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In April 2019, the German-Russian world was still in order: the then Daimler boss Dieter Zetsche, Federal Minister of Economics Peter Altmaier and Russian President Vladimir Putin opened the country’s first Mercedes-Benz plant in Moscow. Only four years later, the German car company draws a line under its Russian business: the Russian daily newspaper “Isvestia” reports that Mercedes-Benz has cut all software connections to its former authorized dealers and sales partners in Russia.

The group had already ceased production in Russia in February 2022, shortly after the start of the Russian attack on Ukraine. At the same time, it was decided at that time to stop exporting new cars to the country of Kremlin chief Putin. Last October, Mercedes announced the sale of its entire Russian business, which employs more than 1,000 people, to Russian investor Avtodom. Completion was reported in April. Now comes the electronic exit.

In concrete terms, this means that Avtodom and the previous authorized dealers will have to offer maintenance and repairs themselves in the future. “The transaction also included the service business,” Mercedes-Benz replies when asked by “The obligations arising from customer warranty claims passed to the buyer with the transaction.”

Without the software access from Mercedes, however, this is a complicated matter. Just like televisions, washing machines and other electronic devices, cars have long been computers on wheels. If there is damage, there is usually no need for a mechanic, it is often a system error that must be read out before it can be repaired.

But at Mercedes, electronic error detection is now history. The former sales partner MB RUS confirms in the newspaper “Isvestia” that all Russian dealers have lost their access to the system software. After Mercedes-Benz AG left the Russian market, the company explained that there were no longer any opportunities to check and carry out installed service offers. In the future, repairs and maintenance will be carried out on the basis of “accumulated experience and knowledge”. In the best case, repair and maintenance times will be longer, in the worst case they are only possible to a limited extent or not at all.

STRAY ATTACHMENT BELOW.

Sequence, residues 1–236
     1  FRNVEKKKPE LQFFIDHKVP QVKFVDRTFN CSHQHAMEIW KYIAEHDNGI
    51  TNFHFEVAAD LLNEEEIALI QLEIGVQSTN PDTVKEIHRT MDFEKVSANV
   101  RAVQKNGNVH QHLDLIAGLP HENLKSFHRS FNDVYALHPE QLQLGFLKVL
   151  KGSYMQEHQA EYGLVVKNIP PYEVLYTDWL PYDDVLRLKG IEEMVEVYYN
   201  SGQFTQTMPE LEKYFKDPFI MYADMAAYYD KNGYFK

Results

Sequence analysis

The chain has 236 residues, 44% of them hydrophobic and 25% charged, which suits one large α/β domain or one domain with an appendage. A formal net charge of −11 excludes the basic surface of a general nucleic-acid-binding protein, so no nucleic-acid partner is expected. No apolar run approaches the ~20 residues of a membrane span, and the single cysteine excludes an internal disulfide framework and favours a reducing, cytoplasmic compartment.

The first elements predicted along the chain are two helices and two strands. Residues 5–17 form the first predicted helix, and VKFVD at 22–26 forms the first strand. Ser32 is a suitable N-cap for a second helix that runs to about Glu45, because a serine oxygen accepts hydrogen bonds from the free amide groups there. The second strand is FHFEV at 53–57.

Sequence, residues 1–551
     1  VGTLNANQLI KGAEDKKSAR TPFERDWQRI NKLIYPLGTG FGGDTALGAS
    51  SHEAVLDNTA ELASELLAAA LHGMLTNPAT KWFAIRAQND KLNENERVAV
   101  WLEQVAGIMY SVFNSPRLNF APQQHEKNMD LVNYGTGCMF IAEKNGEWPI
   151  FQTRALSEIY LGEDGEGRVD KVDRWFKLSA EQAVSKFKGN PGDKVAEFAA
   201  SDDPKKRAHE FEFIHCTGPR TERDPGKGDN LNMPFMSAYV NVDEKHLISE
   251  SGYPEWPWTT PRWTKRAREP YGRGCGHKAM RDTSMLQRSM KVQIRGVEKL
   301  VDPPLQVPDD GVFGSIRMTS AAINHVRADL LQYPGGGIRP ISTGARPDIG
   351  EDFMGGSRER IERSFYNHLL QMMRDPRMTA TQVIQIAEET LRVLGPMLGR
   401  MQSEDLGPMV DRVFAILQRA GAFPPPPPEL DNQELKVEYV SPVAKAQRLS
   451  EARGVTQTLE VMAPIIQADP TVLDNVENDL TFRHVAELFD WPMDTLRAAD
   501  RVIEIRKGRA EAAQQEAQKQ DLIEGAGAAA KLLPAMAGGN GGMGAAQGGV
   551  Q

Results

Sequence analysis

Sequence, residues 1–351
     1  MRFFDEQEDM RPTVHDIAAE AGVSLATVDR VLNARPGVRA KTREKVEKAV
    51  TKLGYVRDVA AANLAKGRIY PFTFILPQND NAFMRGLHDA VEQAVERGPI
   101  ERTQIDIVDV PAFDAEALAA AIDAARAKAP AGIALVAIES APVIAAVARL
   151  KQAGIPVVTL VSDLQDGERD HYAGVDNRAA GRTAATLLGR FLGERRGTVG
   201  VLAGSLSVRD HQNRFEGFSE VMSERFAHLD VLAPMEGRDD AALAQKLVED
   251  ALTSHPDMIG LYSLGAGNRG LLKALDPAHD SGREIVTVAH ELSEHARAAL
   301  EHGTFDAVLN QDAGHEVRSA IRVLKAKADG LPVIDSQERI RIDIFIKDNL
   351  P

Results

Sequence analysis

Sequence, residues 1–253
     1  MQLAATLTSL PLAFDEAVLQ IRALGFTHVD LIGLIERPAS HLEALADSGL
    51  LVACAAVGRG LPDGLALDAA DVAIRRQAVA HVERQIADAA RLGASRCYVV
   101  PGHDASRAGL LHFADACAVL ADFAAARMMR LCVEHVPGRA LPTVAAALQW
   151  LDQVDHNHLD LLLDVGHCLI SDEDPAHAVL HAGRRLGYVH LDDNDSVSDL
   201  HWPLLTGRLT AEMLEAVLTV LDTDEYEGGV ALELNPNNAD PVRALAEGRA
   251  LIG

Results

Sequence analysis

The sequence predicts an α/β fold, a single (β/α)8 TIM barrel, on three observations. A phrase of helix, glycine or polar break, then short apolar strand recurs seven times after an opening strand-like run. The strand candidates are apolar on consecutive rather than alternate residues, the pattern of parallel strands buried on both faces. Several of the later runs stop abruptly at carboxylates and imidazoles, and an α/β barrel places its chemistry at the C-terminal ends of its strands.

Examples of other brands show what threatens Mercedes drivers, as Skoda, Kia, Nissan and Renault have already withdrawn from the Russian market. According to “Isvestia”, their customers were then no longer able to open their car remotely or start it. If this worked, it was sometimes no longer displayed how much petrol was still in the tank. There have also been reports of problems with the engine control, the anti-lock braking system and also the brakes.

Because Western manufacturers not only build smartphones, cars or turbines. Apple, Google, Siemens, Microsoft, VW, Mercedes, Boeing or Airbus also control the software used to operate the device or machine. Western software is a sharp and powerful sword, as Alexander Libman from Freie Universität Berlin had already explained in the podcast “Again what was learned” using the example of SAP.

“You can’t obtain technological services and modern software, such as from SAP, from other sources if they no longer provide updates,” said the political scientist. “You can’t. The software is no longer on CD or DVD and can be loaded onto a computer to make it work.”

Russia has only two options. The country can try to gain access to the operating software with external or third-party programs, i.e. hack into it. But even that is not without risk if important settings are accidentally changed or switched off. In the case of Mercedes, for example, deactivation could lead to problems with the alarm systems and with the coding of car keys, warns an automotive expert at “Izvestia”.

Russia may also seek to replace Western technology with foreign alternatives, or even develop and produce it itself. But that will take time, if it works at all: Well-educated Russians in particular have fled in droves from the war and Russian mobilization and can no longer help. In both cases, it is more likely that Russia will have to adapt and get used to lower quality at a higher price. A creeping reverse industrialization is taking place.

This is how an industry expert sums it up in “Isvestia”: Of course, the restrictions imposed by Mercedes can be circumvented. But it is simpler and more likely that the demand for older models, less “fancy” and less modern vehicles will increase.